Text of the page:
By now, you will have enriched your Heap account with additional data. The next step is to decide how you want to set up roles and permissions for your team members to access and manage this data.
Prefer a more interactive version of this content? Take our Organizing and Managing Heap course to quickly get started with a clean and organized account.
Before you assign roles to your team members, make sure you understand what each permission level can do, and how access to manage data in personal vs. shared spaces impacts the hierarchy. Assigning permissions appropriately and limiting event creation and modification permissions in the shared space is the easiest way to maintain data trust.
Throughout this guide, we’ll provide questions you can ask yourself to help you make these decisions for your team. We recommend writing these answers down as part of documenting your data governance strategy for your team. As part of rolling out Heap to your organization, you’ll want to share this documentation internally to enforce your naming and categorization conventions, establish roles and permissions, and give your team some resources to start exploring data.
Heap offers five different roles depending on your data governance strategy: Read-Only, Consumer, Analyst, Architect, and Admin. You’ll want to be intentional about assigning roles based on the permission sets you’d like your team members to have.
As a starting point to structuring your team, answer the questions and complete the table below:
What criteria will you use to decide what permission level users should have?
How should permission levels be divided among users and teams?
|Custom Role (add name here)|
As a best practice, there should be fewer Admins than Architects, and fewer Architects than Consumers. Unless your organization is very small, the majority of users should be Consumers.
Shared & Personal Spaces
The shared space refers to where all of the shared data in your Heap account lives. It’s important to maintain an organized shared space with a consistent naming convention to make it easy for team members to find what they need.
Team members can also create personal spaces to save private versions of definitions and reports as a private workspace for exploring data.
Becoming familiar with these will help you decide how to apply permission levels to manage and leverage the data available in the shared space, and enable team members to use their personal spaces to explore data in ways that won’t impact the shared space setup.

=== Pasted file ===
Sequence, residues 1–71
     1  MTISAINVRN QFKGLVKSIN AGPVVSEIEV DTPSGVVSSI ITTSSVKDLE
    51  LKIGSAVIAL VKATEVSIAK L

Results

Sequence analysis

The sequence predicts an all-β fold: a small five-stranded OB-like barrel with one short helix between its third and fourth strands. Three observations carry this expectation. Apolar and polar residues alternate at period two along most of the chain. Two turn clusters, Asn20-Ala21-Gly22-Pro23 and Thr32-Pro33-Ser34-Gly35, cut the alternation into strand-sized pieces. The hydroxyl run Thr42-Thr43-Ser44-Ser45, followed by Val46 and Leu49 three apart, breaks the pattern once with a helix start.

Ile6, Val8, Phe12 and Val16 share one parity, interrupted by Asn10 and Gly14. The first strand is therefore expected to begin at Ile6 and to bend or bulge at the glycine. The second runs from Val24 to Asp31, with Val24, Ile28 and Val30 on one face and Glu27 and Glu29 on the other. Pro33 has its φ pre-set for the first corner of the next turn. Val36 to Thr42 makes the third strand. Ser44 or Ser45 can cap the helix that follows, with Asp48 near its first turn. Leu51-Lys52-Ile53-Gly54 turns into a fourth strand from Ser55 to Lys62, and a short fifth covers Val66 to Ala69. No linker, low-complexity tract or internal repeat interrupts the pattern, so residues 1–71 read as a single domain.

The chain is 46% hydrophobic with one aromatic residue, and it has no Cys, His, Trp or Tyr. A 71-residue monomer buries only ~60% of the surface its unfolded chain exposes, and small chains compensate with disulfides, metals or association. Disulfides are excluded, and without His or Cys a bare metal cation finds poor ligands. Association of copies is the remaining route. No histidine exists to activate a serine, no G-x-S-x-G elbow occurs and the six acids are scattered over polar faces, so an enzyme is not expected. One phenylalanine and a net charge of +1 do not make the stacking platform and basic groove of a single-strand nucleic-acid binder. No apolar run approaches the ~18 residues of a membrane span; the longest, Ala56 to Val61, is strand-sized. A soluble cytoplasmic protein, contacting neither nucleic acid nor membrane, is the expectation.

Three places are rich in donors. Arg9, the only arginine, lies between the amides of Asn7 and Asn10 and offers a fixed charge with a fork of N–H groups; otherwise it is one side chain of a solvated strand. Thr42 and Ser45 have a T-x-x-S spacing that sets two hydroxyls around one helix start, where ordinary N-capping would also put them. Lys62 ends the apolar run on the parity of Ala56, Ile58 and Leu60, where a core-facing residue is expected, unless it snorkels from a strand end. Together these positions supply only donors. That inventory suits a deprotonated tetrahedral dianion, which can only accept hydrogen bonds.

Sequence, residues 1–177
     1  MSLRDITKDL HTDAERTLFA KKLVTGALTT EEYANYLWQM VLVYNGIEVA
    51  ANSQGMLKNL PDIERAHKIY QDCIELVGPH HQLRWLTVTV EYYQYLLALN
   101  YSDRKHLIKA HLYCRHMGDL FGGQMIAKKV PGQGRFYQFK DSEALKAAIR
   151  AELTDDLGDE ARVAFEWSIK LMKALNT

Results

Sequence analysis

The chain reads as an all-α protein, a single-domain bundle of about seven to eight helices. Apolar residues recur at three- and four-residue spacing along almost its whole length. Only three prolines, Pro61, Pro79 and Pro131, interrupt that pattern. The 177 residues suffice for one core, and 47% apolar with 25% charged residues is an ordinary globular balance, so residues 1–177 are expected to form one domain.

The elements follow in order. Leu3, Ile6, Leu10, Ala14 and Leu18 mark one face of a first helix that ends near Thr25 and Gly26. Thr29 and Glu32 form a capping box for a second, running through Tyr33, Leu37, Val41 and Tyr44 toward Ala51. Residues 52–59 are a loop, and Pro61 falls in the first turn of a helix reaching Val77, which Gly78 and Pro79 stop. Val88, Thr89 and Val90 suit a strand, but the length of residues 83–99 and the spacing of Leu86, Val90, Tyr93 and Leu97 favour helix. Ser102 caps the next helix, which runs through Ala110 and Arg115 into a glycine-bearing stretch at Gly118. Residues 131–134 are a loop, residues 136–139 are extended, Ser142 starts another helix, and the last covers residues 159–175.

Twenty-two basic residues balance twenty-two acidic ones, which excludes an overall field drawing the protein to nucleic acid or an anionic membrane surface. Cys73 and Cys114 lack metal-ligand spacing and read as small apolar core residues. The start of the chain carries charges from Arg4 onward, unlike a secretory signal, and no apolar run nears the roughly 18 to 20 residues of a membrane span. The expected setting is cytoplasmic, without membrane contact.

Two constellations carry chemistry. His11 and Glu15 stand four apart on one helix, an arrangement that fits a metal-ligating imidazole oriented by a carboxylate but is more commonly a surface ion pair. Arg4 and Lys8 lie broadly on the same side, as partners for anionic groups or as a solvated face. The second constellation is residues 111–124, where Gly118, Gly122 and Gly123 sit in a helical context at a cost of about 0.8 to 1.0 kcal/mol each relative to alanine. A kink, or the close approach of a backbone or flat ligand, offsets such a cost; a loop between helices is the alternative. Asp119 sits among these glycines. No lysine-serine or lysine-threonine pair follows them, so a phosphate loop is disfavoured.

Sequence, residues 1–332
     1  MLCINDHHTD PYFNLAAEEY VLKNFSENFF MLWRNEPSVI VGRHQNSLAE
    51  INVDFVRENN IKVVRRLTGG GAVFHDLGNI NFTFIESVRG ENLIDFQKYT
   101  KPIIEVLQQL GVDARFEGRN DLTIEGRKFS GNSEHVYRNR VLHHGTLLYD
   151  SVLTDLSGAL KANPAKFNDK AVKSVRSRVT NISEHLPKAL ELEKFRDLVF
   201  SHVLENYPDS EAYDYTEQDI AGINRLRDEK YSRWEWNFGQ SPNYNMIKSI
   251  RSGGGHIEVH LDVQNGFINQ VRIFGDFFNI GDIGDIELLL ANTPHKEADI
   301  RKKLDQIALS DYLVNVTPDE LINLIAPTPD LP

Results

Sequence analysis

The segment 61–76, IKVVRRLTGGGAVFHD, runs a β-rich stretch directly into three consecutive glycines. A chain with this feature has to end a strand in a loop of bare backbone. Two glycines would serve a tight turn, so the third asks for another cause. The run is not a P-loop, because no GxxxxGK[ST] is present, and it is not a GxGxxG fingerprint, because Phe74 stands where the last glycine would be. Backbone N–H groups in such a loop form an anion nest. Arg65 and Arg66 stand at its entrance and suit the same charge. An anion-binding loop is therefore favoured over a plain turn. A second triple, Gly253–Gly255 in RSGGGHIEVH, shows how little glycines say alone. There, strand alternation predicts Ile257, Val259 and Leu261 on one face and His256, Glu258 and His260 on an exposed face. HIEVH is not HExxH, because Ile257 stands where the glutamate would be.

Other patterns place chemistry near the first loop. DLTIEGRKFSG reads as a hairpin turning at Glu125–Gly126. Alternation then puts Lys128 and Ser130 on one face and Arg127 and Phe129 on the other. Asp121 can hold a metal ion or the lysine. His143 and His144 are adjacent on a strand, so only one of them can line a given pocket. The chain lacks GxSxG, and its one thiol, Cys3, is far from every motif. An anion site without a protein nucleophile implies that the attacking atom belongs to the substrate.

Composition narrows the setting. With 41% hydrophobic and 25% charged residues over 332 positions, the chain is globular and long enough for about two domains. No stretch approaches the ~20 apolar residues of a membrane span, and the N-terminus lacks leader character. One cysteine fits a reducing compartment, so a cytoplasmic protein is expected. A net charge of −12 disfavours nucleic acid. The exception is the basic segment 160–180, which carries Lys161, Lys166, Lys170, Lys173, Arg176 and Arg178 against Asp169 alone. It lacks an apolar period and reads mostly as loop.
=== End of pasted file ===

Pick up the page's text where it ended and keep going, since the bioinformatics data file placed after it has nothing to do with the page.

For more details on how to use these spaces, see Shared vs. Personal Spaces.
Data Governance Strategy
There are three general approaches to data governance that our customers use:
- The conservative approach will have the majority of users set to more restricted roles in Heap, such as Consumer or Read-only. Roles with higher-level access will be reserved for team leads, dataset owners, or lead analysts who have demonstrated sufficient Heap knowledge.
- In accounts with a liberal approach, the majority of your users will likely be in a mid-level or higher up role, such as Analyst. This means you trust these members to largely self-govern and manage the shared dataset on their own.
- A blended approach utilizes a bit of both – for example, you may be strict with permissions for users who are not part of your immediate team, but apply liberal permissions for members of the team who will be using Heap the most.
You should use the approach you choose as a starting point on which to design the rest of your data governance strategy around. Here are some questions to consider as you’re trying to decide:
- How many different teams and users will be using Heap?
- Do you prefer to allow a larger group of people to add and modify data at-will, or have your team(s) operate under a controlled environment so only a limited number of individuals can manage data?
- What resources are available for team leads to manage the account and dataset? Is the amount of resources feasible to sustain the approach you’re leaning towards?
Generally speaking, organizations tend to choose their strategy as follows:
- Smaller, leaner teams (<10 people) that err more technical and have previous experience with analytics tools will likely adopt liberal strategies.
- Large organizations with many teams and users using Heap should either adopt a blended or conservative approach.
Determining your approach early on will guide your decision making throughout the rest of the guide. We recommend including this information in your documentation so your team understands their role assignment and knows who to go to for help with tasks they don’t have permissions for.